The ‘opportunist’

In­dian-born leader in the phar­ma­ceu­ti­cal sec­tor seizes ev­ery op­por­tu­nity to achieve his goals

China Daily (Canada) - - PEOPLE -

Bay Area to get into tech,” said Singh.

“At that time, Bayer came to the cam­pus with an in­tern­ship in Cam­bo­dia,” he said, re­fer­ring to the Ger­man phar­ma­ceu­ti­cal gi­ant.

Al­though he was born in In­dia, Singh grew up in the US, which most peo­ple at the time per­ceived as “the very cen­ter of the world”.

How­ever, he is now based in Sin­ga­pore. And his ca­reer did not start in North Amer­ica but in South­east Asia, which was un­usual at the time.

Few peo­ple who grew up in the US moved away from their home­towns, let alone out of the coun­try, he said.

“I was ex­cited at the op­por­tu­nity as I asked my­self ‘ how many times would any­body get his first job that far away?’ So I took the job with Bayer.

“I left ev­ery­thing in the US and moved to Cam­bo­dia. That is how I stepped into health­care.”

That first job was only a one-month in­tern­ship, but it was a chance to work with one of the world’s lead­ing phar­ma­ceu­ti­cal man­u­fac­tur­ers.

For Singh, the po­si­tion opened a door into an in­dus­try that touches the lives of ev­ery­one and fills a real need in so­ci­ety. He was not even 21 years old at that time.

“When you walk into a hos­pi­tal, there is a long line of pa­tients and you (may) see some­body who is re­ally un­well. All they hope for is that the doc­tor is great and the medicine they take is great,” said Singh.

“There are many in­stances I know of, par­tic­u­larly in the emerg­ing coun­tries, where a whole fam­ily re­lies on one per­son who can chip in. When I got to see all these cases, I re­al­ized that there was noth­ing bet­ter for me to do. So, I never left health­care.”

In the years that fol­lowed, Singh worked for some of the largest drug­mak­ers in the world, in­clud­ing Bayer and Ab­bott, un­til he joined the pri­vately held Mundipharma in 2011.

Since then, the com­pany has grown in­cred­i­bly fast, ex­pand­ing 459 per­cent in the last five years. Mundipharma has not only ex­panded its ge­o­graphic foot­print dur­ing this pe­riod, but also di­ver­si­fied its prod­uct port­fo­lio.

To achieve this, Singh ap­plied his “op­por­tunis­tic” phi­los­o­phy.

“Be­sides ex­ten­sive prepa­ra­tion work, in­clud­ing re­search and busi­ness devel­op­ment build­ing, what re­ally mat­ters is that we never say no to any op­por­tu­nity. We have no pre-as­sump­tions. In­stead, we eval­u­ate it and we take risks.”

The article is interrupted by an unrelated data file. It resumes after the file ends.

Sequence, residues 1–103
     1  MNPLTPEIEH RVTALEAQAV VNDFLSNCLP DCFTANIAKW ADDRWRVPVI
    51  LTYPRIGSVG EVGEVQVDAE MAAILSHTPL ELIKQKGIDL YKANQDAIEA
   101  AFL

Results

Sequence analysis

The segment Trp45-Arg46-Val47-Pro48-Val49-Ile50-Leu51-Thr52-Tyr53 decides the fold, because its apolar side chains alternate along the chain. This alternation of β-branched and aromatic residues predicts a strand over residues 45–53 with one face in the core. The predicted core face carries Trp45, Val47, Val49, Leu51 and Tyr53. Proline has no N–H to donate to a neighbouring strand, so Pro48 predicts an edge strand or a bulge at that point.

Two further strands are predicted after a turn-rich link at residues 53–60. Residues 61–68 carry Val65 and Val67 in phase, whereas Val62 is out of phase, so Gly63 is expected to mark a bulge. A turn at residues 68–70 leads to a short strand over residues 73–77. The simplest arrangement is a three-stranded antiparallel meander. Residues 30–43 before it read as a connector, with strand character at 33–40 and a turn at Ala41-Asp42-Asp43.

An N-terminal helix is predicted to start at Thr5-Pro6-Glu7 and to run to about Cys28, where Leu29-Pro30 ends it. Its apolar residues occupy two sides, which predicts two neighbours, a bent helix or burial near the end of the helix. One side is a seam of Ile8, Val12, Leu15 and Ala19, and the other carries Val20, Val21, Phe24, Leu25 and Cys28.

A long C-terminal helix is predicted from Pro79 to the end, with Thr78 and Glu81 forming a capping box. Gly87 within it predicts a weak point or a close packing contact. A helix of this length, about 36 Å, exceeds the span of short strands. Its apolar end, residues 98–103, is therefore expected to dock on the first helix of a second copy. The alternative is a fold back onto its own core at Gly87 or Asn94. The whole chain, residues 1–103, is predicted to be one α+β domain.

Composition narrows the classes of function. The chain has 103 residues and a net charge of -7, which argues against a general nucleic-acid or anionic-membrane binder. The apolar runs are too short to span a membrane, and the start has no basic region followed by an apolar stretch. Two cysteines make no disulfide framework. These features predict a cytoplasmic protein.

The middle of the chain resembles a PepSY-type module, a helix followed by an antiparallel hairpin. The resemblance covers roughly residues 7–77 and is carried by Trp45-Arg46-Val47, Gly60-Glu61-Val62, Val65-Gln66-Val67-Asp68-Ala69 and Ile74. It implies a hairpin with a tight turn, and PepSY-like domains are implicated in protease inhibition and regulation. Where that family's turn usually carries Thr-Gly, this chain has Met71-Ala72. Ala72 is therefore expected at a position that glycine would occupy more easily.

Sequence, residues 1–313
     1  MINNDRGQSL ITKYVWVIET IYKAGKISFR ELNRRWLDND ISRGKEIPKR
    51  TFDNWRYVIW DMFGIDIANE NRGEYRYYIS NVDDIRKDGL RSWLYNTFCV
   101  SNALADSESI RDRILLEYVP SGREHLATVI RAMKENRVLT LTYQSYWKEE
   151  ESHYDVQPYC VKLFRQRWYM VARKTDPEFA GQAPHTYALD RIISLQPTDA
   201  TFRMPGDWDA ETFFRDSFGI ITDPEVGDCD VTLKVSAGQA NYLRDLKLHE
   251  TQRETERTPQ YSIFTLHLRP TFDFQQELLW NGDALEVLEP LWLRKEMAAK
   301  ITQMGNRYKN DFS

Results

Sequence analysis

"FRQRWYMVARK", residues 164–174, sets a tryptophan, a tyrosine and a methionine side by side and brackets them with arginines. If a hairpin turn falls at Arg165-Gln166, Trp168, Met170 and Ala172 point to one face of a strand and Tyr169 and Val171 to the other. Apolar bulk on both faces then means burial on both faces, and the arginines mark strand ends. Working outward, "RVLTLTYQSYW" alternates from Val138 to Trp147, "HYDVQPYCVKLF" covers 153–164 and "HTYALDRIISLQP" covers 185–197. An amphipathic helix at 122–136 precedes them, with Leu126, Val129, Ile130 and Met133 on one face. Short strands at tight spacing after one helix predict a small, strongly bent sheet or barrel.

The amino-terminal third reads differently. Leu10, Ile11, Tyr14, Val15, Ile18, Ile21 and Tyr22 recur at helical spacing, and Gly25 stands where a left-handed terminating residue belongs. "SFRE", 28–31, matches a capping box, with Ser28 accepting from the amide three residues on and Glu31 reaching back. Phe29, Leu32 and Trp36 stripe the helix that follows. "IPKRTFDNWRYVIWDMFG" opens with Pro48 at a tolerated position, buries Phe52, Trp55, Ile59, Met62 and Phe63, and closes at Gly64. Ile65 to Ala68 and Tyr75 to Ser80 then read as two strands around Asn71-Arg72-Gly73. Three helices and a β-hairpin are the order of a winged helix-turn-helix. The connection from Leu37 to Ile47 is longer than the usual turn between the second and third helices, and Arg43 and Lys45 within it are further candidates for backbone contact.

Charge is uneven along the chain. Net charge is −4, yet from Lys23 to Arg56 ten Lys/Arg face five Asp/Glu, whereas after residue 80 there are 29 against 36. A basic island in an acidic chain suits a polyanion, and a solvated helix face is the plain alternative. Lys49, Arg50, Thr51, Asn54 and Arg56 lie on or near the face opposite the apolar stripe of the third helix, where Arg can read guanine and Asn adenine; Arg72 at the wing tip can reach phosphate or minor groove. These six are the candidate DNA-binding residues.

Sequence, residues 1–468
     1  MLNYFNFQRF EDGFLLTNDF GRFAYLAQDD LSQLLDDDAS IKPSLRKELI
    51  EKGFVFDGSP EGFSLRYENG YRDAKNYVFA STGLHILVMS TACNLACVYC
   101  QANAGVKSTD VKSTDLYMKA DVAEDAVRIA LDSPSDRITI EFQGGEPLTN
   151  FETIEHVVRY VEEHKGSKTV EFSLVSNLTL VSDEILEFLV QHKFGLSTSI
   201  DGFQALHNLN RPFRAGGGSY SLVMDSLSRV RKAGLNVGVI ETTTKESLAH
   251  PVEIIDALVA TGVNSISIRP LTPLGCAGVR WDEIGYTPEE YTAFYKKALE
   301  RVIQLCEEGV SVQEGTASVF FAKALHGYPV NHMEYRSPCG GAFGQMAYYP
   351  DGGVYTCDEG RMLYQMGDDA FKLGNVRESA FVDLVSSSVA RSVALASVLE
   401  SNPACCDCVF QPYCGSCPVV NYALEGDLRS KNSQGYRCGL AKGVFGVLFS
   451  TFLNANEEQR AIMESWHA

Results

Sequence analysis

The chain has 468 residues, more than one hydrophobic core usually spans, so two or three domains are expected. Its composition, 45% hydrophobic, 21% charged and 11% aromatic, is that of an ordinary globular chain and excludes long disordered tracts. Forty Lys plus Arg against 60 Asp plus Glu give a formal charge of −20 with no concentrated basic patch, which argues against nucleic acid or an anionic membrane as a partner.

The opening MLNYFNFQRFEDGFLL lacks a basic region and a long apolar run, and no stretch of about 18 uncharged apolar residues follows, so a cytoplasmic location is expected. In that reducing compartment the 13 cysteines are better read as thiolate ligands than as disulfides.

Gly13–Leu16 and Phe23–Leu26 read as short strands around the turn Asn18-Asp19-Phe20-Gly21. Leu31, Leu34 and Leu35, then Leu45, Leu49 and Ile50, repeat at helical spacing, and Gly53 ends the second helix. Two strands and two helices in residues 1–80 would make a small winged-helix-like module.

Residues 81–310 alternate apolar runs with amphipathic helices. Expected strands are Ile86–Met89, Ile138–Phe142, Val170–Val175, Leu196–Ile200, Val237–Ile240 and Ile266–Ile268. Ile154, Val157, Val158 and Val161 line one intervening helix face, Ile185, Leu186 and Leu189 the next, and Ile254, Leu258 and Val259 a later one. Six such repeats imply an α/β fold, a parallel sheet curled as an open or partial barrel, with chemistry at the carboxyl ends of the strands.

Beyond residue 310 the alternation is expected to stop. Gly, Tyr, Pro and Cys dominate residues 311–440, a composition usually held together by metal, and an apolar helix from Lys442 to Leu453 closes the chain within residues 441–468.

In 2011 the com­pany had three core medicines, all painkillers. It now has a port­fo­lio of 38 medicines in six cat­e­gories.

“We are very op­por­tunis­tic. We go after cat­e­gories that do not ap­pear to be sexy, like di­a­betes and car­dio­vas­cu­lar, but where there is huge un­met need,” he said.

“For ex­am­ple, (ar­eas such as) oph­thal­mol­ogy and con­sumer health­care. Five years ago, or even nowa­days, ev­ery­body talks about on­col­ogy, liver can­cer drugs or lung can­cer drugs. But there are tons of side ef­fects that on­col­ogy drugs have, like vom­it­ing and no ap­petite to eat,” he said.

“We saw that sweet spot and de­cided to fo­cus on on­col­ogy sup­port care. Gilead Sciences started with HIV and moved to other ar­eas and now have the largest mar­ket cap,” Singh noted. “I see Mundipharma ex­actly at the same place, go­ing after the niche ar­eas and cre­at­ing unique­ness.”

The goal is to not only pro­vide more prod­ucts but also tap into more mar­kets. Mundipharma now op­er­ates in more than 120 mar­kets, more than a five­fold in­crease in five years. Singh’s re­gion gen­er­ates around half a bil­lion dol­lars in rev­enue, up from just $65 mil­lion in 2011.

And the way he sees it, Asia is the cat­a­lyst to the com­pany’s huge suc­cess.

“There has been a tremen­dous shift in health­care over the past two to three decades in Asia be­cause there have been lots of rev­o­lu­tions in terms of de­mo­graphic pro­files and life­style,” he said.

“In South­east Asia, for ex­am­ple, along with the eco­nomic growth, there is more dis­pos­able money in peo­ple’s pock­ets and hence they can spend on health­care more freely than be­fore.”

In Oc­to­ber 2011, Mundipharma made the de­ci­sion to use Sin­ga­pore as its hub, not only for Asia but for the whole emerg­ing world, which in­cludes Latin Amer­ica, the Mid­dle East and Africa.

“It was my de­ci­sion to step into Sin­ga­pore. Of course, I love the en­vi­ron­ment in Asia, but the rea­son I chose Sin­ga­pore is be­cause it is close to China. My first goal in 2012, to get Asia back on track, needed China,” said Singh.

In con­trast to other de­vel­op­ing coun­tries in Asia, such as In­dia, he noted that China is much more “op­ti­mistic, prag­matic, and se­ri­ous” about man­ag­ing its health­care sys­tem.

“First and fore­most, China pro­tects patents, which means the coun­try re­spects in­no­va­tion and can in turn boost the R&D side of phar­ma­ceu­ti­cal prod­ucts,” Singh said, re­fer­ring to re­search and devel­op­ment.

Also, China be­lieves in pro­vid­ing uni­ver­sal health­care with a na­tional drug-re­im­burse­ment list, he added.

“For com­par­i­son, in In­dia, the ex­penses are mostly from pa­tients’ own pock­ets.

“When you have a sys­tem like this, the qual­ity of the prod­uct gets com­pro­mised as price be­comes the main driver in the mar­ket. So a lot of cheap med­i­ca­tion is avail­able but it is not nec­es­sar­ily the right med­i­ca­tion in In­dia.”

For the time be­ing, how­ever, In­dia is equally as fa­vor­able as China for over­seas drug­mak­ers. And Singh be­lieves In­dia will emerge as the next huge op­por­tu­nity in the re­gion.

In­dia should open the door wider to multi­na­tion­als, he be­lieves, to en­cour­age both growth and in­no­va­tion.


Ra­man Singh says China is se­ri­ous about man­ag­ing its health­care sys­tem.

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